Colonialism – an introductory lecture for an INTL 101 class

Colonial architecture, Macau, China. Photo by Shawn Smallman. August 2017

Even though I no longer teach face to face classes, I’ve always loved lecturing. Here I want to share an introductory class lecture that covers colonialism. If you are a faculty member, please feel free to use this lecture in your classes. Please note that this lecture is about eight years old as I post this, so you will likely want to update it.

Shawn Smallman, 2020

Colonialism

Terms:

Settler Colonialism

Diasporas

Nepal

Crusades

John Stuart Mill

Marx

Lenin

Kurds

Neocolonialism

Wallerstein

Edward Said, Orientalism

Post-colonialism

 

Lecture Outline:

The Importance of Colonialism/Post-Colonialism

Definition

Different Forms of Colonialism

Early History and Expansion

Population Movements 

Ideologies Supporting and Undermining Imperialism

The End of Colonialism

Legacies

Post-colonialism

The Revenge of the Colonies

Small Group Work

Before we begin, I want to do a small group assignment. Take five minutes first, as an individual assignment. Write down three to five historical events or trends that have shaped your family’s history. After this time, I will ask you to break into groups of three to five and share these events. What do you notice about them? Are there common themes?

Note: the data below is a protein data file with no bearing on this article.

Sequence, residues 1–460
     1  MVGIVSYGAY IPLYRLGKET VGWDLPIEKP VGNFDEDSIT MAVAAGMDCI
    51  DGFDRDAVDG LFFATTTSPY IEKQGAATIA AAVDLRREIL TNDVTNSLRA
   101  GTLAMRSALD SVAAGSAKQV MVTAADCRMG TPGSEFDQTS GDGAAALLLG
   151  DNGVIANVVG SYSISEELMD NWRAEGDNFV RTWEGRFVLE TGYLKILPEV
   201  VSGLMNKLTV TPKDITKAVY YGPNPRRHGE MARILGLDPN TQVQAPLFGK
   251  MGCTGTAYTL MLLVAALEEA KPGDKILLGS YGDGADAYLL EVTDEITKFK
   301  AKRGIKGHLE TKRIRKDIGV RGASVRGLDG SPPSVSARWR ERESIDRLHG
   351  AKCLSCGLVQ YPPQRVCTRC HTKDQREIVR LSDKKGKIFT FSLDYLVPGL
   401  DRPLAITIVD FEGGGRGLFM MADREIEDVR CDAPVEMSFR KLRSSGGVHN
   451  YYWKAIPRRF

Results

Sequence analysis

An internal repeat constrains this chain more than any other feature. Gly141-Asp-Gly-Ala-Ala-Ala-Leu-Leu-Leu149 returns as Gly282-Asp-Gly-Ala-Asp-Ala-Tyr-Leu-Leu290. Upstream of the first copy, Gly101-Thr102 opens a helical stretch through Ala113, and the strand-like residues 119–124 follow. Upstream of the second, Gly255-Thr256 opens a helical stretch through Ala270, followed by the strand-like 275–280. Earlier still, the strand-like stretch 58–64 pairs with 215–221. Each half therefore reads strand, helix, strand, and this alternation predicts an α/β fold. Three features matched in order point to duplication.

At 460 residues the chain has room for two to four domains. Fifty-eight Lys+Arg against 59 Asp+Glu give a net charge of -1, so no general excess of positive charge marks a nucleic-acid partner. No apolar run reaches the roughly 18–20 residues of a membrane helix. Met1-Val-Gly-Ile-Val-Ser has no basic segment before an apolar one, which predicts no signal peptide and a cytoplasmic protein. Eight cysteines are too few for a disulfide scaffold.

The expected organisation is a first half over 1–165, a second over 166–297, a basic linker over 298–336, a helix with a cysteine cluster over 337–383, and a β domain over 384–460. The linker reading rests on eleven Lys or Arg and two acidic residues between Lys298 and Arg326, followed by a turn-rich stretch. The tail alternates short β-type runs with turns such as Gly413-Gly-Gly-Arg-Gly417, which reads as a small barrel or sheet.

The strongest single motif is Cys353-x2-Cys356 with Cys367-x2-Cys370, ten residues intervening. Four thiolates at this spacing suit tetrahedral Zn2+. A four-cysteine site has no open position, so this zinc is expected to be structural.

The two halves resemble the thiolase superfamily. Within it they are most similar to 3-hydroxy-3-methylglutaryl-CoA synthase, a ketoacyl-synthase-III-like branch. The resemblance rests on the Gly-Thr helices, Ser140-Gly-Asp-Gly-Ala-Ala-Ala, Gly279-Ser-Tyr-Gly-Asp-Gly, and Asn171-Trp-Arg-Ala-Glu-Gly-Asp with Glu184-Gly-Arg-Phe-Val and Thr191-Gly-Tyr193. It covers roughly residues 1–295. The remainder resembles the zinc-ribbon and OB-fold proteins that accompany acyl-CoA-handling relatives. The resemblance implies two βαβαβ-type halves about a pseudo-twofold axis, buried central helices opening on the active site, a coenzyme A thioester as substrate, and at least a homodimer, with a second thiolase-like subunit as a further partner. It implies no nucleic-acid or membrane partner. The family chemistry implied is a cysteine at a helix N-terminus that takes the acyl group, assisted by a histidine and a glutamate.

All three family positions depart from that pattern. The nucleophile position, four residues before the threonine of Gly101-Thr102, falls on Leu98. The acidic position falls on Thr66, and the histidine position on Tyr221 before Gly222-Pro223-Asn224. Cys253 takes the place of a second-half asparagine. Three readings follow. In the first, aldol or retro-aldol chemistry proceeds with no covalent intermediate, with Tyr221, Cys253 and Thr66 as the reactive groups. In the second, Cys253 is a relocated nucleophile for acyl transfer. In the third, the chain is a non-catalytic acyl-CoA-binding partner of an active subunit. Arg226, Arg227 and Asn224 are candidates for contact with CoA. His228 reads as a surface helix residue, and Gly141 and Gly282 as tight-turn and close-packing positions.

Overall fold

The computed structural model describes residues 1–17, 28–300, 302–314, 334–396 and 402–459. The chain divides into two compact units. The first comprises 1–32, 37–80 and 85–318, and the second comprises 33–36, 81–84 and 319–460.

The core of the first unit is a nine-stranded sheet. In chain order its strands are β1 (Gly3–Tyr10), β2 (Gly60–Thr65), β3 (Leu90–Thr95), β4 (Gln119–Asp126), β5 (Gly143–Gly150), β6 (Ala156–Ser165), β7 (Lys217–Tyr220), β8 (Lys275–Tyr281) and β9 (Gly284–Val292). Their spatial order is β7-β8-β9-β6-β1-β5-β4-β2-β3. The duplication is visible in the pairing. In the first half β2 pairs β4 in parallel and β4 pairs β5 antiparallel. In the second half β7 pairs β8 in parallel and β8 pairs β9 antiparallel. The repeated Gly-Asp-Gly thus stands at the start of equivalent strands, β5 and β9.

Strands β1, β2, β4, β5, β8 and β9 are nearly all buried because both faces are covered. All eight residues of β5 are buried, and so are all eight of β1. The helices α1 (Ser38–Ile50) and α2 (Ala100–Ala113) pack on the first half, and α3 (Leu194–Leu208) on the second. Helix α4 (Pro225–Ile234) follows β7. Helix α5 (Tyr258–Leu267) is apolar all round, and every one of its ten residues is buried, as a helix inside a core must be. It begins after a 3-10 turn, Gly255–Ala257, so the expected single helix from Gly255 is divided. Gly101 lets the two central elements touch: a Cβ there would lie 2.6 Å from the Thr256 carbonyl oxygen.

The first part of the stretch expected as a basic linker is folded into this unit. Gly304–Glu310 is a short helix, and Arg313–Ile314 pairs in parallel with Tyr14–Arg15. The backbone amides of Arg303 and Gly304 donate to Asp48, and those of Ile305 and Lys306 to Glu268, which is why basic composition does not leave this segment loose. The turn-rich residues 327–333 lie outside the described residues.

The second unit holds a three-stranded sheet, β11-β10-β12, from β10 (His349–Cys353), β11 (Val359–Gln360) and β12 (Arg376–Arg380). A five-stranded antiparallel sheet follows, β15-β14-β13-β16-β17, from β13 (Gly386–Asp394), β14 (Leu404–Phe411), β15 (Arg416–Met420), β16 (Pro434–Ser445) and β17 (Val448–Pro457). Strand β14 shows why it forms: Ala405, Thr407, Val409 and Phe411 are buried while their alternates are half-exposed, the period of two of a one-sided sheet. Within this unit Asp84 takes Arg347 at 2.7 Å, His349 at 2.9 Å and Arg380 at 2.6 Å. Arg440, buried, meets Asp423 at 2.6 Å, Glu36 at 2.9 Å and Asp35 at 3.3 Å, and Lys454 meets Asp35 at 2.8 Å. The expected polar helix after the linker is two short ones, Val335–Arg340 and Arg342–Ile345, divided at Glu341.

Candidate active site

Introduction to the Lecture:

  • The international order as we understand it today is a relatively new phenomenon
  • May seem hard to believe, but many aspects of our world that we take for granted –such as nation-states- are relatively new phenomenon
  • In the past, peoples allegiances might be defined by religion or kinship
  • The past 500 years have been a period of profound social change
  • But that history has deep legacies, that continue to impact our world today
  • I want to discuss this today by talking about colonialism and neocolonialism, and how they have shaped our world